Advances Towards Beating Heart Surgery

Cardiovascular disease affects many patients each year, some of whom will require surgery. The advent of minimally invasive surgery has greatly reduced the amount of trauma a patient undergoes when a surgical procedure is performed on the heart. However, current interventional practices leave much to be desired. Currently, surgeons have two options when operating on a heart: either the heart is mechanically stabilized or it is arrested and the patient is connected to a heart-lung bypass machine. In fact, due to the heart's fast motion, it is extremely difficult for a surgeon to operate on a freely beating heart. The effectiveness of mechanically stabilizing the heart is limited to areas on the outer surface of the heart that are accessible from the chest cavity. As for arresting the heart, this approach does not allow the surgeon to evaluate the outcome of the procedure intra-operatively when the heart is drained and not beating. To accurately evaluate the effectiveness of most corrective cardiac surgeries and perform further adjustments to improve the outcome, the heart must be freely and normally beating during the procedure.

A new operative technique with increased safety and effectiveness that does not require the heart to be arrested or stabilized is robot-assisted beating-heart surgery. A surgical robot (holding a surgical tool) is computer controlled to automatically follow the beating motion of the heart such that the heart appears stationary with respect to the surgical tool. A surgeon can then, through a user interface, control the surgical robot in order to operate on a seemingly stationary heart even though the heart is actually beating freely.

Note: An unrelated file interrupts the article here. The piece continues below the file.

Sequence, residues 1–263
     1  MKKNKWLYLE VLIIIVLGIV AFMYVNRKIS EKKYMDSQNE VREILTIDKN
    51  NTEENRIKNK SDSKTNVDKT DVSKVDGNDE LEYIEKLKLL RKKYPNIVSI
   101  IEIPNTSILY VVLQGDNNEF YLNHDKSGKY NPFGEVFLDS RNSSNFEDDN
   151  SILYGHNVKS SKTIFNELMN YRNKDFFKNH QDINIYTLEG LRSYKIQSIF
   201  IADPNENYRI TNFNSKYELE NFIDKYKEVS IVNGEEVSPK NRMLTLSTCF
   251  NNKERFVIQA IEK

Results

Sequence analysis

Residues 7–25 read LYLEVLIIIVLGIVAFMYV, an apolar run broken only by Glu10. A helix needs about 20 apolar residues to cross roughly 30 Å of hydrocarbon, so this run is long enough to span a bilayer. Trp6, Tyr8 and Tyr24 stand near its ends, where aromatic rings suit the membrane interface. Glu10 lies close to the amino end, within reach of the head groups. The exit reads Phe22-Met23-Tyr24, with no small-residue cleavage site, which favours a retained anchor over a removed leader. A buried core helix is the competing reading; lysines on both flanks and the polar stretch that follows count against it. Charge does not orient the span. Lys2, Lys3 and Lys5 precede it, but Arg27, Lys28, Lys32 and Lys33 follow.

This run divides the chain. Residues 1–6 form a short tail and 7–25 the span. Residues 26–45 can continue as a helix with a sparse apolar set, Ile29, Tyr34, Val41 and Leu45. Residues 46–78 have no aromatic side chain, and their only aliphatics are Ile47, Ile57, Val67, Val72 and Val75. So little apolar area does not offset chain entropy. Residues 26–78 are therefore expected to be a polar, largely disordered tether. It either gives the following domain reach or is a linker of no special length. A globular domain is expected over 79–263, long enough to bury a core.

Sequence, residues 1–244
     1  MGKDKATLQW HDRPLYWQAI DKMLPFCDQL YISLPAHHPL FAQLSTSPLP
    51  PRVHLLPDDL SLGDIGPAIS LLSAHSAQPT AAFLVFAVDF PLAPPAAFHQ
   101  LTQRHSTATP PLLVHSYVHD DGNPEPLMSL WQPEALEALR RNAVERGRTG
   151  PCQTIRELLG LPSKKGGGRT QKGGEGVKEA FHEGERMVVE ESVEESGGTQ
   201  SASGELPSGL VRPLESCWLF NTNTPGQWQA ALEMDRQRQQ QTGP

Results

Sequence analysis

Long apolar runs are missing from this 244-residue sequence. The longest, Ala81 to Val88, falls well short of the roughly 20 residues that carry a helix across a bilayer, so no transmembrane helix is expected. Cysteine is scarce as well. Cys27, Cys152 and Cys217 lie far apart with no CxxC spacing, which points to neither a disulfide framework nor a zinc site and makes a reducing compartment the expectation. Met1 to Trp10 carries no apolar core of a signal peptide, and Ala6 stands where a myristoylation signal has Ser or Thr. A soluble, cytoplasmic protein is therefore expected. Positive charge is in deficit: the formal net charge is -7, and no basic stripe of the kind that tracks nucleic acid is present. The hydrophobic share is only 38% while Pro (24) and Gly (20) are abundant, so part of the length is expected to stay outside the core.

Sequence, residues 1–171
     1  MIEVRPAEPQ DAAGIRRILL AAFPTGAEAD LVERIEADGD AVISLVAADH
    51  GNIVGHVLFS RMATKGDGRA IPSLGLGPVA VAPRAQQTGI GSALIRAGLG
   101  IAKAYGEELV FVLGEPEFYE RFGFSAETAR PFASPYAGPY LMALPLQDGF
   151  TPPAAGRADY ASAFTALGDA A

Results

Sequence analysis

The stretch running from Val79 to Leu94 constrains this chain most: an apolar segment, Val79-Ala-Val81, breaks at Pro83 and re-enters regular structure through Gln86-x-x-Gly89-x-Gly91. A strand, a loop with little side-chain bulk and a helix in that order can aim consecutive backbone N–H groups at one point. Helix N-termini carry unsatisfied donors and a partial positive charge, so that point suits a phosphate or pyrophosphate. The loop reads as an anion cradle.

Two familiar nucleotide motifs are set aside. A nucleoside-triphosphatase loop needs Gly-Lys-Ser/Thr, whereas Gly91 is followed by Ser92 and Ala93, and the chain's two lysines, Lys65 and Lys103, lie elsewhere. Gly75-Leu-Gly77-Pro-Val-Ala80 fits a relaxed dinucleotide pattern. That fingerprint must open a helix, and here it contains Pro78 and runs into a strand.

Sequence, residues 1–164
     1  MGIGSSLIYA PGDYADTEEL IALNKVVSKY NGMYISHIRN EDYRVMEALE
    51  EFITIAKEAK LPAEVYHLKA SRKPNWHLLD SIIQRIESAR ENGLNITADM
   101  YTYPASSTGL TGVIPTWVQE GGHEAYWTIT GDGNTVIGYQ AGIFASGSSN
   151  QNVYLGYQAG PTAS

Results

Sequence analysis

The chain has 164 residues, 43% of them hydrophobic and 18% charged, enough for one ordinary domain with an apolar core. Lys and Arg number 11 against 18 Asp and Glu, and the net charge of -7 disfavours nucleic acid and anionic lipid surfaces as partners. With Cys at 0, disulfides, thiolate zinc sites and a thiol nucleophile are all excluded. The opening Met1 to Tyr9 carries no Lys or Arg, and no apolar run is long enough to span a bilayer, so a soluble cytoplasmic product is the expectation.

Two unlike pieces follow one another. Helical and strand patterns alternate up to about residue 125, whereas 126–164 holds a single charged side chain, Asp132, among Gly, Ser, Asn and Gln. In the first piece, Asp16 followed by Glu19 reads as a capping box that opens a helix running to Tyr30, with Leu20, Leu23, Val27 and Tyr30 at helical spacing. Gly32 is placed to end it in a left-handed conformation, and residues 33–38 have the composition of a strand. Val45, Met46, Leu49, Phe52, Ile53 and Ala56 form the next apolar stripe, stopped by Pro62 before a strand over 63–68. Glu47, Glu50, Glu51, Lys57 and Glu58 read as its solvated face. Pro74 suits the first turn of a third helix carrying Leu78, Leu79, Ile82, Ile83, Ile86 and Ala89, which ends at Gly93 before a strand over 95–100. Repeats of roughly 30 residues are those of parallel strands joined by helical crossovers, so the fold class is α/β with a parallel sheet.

Beating-heart surgical systems, although designed differently for different procedures, contain common components. The two main components are a motion-capture module that will measure the position of the heart and the surgical tool and a control system that will use the information gathered by the motion-capture module to automatically make the surgical tool follow the heart's motion. The design of these two components is based on the target surgical site and procedure. For example, a fast video camera or an endoscope could capture the heart's motion for surgical procedures performed on the outside of the heart. However, a different method that can visualize through the blood pool within the heart must be used for a procedure performed inside the heart. For instance, ultrasound imaging or even a force sensor could be used for motion capture depending on the requirements of the procedure. This chapter will discuss the many different heart motion-capture modules and control systems that have been proposed as well as the advantages and disadvantages of each method. In addition, a discussion of which types of surgical procedures can benefit from a beating-heart surgical system is included.